Oil Tightens Squeeze on Airlines as Flybe Drops Most Since 2011
London. Rising oil prices that have already wiped out two European airlines since September have claimed another victim: Britain’s biggest carrier on domestic routes lost more than one-third of its value on Wednesday as an escalating fuel bill coincides with weaker demand.
Shares of Flybe Group Plc dropped as much as 38 percent as the Exeter, England-based company said “softening” second-half sales would lead full-year profit to fall short of analysts’ estimates. The drop was the second-biggest since Flybe floated in 2010, with the stock’s price of 20.9 pence as of 9:16 a.m. more than 90 percent below its debut level.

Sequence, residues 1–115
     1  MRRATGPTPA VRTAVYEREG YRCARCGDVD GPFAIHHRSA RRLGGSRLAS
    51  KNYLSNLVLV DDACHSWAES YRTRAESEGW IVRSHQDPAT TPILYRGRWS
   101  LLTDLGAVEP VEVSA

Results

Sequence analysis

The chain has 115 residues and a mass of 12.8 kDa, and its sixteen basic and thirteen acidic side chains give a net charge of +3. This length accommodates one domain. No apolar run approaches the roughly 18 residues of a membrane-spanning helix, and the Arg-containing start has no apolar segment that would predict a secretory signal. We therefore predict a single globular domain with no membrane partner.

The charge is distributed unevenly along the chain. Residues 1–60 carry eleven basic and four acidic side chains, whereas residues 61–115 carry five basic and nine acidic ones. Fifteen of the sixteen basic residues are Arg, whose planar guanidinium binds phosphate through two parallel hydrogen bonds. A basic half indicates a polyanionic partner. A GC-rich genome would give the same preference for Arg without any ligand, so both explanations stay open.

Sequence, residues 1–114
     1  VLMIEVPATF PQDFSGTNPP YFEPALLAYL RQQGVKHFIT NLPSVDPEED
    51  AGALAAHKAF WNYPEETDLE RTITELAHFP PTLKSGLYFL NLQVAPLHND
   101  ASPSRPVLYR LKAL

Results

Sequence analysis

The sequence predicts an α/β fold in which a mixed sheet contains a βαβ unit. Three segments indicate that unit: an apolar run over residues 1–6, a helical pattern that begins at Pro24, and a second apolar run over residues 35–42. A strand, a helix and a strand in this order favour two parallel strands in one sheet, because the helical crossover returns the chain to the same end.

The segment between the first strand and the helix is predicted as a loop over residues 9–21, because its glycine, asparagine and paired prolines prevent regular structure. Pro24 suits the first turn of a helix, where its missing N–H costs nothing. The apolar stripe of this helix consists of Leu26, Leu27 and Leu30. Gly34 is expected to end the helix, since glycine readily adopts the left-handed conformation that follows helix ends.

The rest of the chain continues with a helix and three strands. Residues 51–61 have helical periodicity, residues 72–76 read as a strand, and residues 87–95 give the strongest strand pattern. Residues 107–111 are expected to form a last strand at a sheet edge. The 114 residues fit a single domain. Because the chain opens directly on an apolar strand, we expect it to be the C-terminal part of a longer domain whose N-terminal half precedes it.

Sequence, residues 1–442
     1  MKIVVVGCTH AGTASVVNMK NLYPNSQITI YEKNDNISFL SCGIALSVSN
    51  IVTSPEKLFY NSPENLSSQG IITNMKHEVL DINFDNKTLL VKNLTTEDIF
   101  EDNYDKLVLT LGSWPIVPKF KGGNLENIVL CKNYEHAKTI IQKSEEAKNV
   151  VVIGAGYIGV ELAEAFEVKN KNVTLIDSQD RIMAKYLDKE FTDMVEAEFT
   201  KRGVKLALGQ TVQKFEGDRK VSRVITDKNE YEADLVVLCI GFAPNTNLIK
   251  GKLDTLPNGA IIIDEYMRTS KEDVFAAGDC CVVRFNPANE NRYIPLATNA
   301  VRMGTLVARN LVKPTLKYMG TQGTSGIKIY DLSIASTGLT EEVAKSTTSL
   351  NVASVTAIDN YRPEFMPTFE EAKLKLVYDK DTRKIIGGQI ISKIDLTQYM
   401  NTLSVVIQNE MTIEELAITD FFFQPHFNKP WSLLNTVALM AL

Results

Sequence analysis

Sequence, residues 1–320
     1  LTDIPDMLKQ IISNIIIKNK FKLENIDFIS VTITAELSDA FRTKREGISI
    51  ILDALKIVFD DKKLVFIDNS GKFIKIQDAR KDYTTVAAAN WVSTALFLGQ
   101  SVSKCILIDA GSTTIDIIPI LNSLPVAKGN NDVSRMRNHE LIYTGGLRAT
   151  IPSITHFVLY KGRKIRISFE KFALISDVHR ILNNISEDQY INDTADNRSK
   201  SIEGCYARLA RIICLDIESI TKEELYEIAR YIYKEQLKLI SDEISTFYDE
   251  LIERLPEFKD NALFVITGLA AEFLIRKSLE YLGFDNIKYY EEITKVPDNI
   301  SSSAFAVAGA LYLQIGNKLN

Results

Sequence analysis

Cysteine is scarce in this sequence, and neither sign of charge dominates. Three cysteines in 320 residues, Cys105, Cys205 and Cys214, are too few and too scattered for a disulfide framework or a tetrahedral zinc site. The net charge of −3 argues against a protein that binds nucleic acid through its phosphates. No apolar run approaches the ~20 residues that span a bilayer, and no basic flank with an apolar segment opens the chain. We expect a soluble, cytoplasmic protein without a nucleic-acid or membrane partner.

Flybe has sought to carve out a model focused on secondary cities largely ignored by network and low-cost operators, becoming Europe’s biggest airline using planes with 100 seats or less. While potentially valuable, the smaller planes generate lower operating margins, leaving the company particularly vulnerable to fluctuations in costs and demand, inform Bloomberg.
Flybe has culled routes and dropped regional jets in favor of less thirsty turboprops after crude hit its highest levels in four years and airports operator Stobart Group Ltd. dropped plans for a takeover. Other carriers have already succumbed to the rising oil price, with Scandinavian leisure carrier Primera Air collapsing on Oct. 1 and German charter specialist Azur Air GmbH grounded. That’s after Air Berlin Plc and Monarch Airlines failed in 2017.